The final season began principal photography in early May 2016, in Austin.[21] In June 2016, the production moved to Melbourne, Victoria, Australia, where it filmed the remainder of the series and completed post-production. On the move to Melbourne, Lindelof said, "We're immensely grateful for the opportunity to try something that looks and feels different from the preceding seasons and we absolutely cannot wait to bring our story to its conclusion down under."[22][23] It was also confirmed that the season would have a shortened 8-episode run.[24]

Casting[edit]

In June 2013, casting announcements began. Justin Theroux, Liv Tyler, Christopher Eccleston, Ann Dowd, Amanda Warren, Michael Gaston, and Carrie Coon were announced to star in the pilot.[25][26][27]

For the second season, eight of the 14 main cast members from season one returned,[5] while Emily Meade, Amanda Warren, Annie Q., Max Carver, Charlie Carver and Michael Gaston did not.[28] In April 2015, casting began for a Black American family comprising a father, ex-convict John Murphy; his hearing-impaired doctor wife, Erika; and their teenage children Evie, an outgoing athlete, and Michael, a pious Christian.[16] The roles of John, Erika, and Michael are portrayed by Kevin Carroll, Regina King and Jovan Adepo, respectively, all as series regulars.[29][30] Darius McCrary was cast in a recurring role as Isaac Rayney, John's friend and a palm reader.[30] Steven Williams was cast in a recurring role, playing Virgil, a confidant of Kevin's.[31] Janel Moloney, who had a recurring role in the first season as Mary Jamison, was promoted to a regular cast member in season two.[5]

For the third season, it was confirmed in May 2016 that the entire main cast from the second season would return, with the exception of Dowd, and that Scott Glenn and Jasmin Savoy Brown had been promoted to series regulars,[24] however, Brown remained a guest star for the third season. Actress Lindsay Duncan joined the cast on December 6, 2016.[32] Main cast members Michael Gaston and Annie Q. from season one returned as guest stars.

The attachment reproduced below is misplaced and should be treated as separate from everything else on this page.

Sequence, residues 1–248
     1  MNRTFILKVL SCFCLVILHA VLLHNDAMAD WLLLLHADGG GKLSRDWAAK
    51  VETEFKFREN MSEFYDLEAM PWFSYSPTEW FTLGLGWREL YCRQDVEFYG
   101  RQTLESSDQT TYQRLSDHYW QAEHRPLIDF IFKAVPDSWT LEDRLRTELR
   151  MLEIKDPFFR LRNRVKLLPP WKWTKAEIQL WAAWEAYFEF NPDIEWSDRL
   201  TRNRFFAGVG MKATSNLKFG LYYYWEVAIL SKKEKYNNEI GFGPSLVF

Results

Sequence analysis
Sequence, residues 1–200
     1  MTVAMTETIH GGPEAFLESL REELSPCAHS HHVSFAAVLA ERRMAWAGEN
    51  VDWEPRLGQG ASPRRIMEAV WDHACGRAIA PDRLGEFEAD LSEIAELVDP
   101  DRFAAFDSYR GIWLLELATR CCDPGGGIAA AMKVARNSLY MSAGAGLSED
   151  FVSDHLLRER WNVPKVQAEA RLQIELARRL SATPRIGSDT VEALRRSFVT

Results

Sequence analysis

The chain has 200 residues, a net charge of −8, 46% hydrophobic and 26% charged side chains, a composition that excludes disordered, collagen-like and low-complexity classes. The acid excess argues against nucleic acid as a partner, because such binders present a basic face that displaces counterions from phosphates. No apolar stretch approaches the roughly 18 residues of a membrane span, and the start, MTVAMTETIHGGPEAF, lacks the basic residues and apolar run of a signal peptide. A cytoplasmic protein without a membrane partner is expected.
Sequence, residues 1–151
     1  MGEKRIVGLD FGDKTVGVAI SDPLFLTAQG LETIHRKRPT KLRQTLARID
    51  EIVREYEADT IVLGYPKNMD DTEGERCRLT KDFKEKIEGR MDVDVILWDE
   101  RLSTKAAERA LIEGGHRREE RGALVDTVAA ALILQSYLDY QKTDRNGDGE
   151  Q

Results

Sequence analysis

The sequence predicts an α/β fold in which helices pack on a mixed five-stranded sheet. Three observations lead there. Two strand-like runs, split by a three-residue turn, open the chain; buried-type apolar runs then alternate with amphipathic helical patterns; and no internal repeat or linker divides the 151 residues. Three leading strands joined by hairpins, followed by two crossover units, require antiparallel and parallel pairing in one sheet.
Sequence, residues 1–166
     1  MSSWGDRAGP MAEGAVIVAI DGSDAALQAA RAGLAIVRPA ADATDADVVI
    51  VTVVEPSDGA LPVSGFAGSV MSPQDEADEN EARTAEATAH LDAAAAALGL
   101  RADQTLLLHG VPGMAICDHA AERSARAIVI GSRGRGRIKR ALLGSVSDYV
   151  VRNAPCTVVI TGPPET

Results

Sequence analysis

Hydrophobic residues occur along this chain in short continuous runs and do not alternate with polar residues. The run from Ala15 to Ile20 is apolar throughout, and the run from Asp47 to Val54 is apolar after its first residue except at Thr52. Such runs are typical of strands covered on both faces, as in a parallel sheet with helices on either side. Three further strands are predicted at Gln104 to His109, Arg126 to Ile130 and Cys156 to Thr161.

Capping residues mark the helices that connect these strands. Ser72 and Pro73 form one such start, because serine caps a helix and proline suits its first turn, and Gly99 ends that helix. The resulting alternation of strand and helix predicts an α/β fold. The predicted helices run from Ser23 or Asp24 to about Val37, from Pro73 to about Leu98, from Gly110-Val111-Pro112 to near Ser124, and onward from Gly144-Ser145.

Opening credits and theme music[edit]

The main title from the first season uses "The Leftovers (Main Title Theme)", an original piece of music by composer Max Richter, accompanied by images like a fresco in the style of the Sistine Chapel. The second season uses "Let the Mystery Be" by Iris DeMent. In addition, the opening changes to one that shows images of pictures and people who were departed missing from them and in their place is various images of earth-related phenomenon like rain, clouds, aurora borealis and lightning. Season 3 retains the opening from Season 2 but several episodes contain a different theme song. In addition, the Season 1 main title theme and the song "Let the Mystery Be" were both reprised for the penultimate episode and series finale respectively.

Episodes[edit]

Season Episodes Originally aired
First aired Last aired
1 10 June 29, 2014 (2014-06-29) September 7, 2014 (2014-09-07)
2 10 October 4, 2015 (2015-10-04) December 6, 2015 (2015-12-06)
3 8 April 16, 2017 (2017-04-16) June 4, 2017 (2017-06-04)

Reception[edit]

Critical response[edit]

Season Critical response
Rotten Tomatoes Metacritic
1 81% (60 reviews) 65/100 (42 reviews)
2 93% (33 reviews) 80/100 (22 reviews)
3 98% (32 reviews) 98/100 (17 reviews)

Season one of The Leftovers received mostly positive reviews from critics. Metacritic scored season one 65 out of 100, based on 42 critics, indicating "generally favorable reviews".[33] Rotten Tomatoes scored the season 81%, based on 60 reviews, with an average rating of 7.68/10. The site's critical consensus reads, "Its dour tone and self-seriousness may make for somber viewing, but The Leftovers is an artfully crafted, thought-provoking drama that aims high and often hits its mark."[34] IGN reviewer Matt Fowler gave consistently high scores to all the season one episodes, including two perfect 10 scores for "Two Boats and a Helicopter" and the season finale "The Prodigal Son Returns."[35] He then gave the entire first season a review score of 9.4 out of 10, particularly praising the character-centric episodes, Max Richter's score and the performances, particularly Carrie Coon's.[36]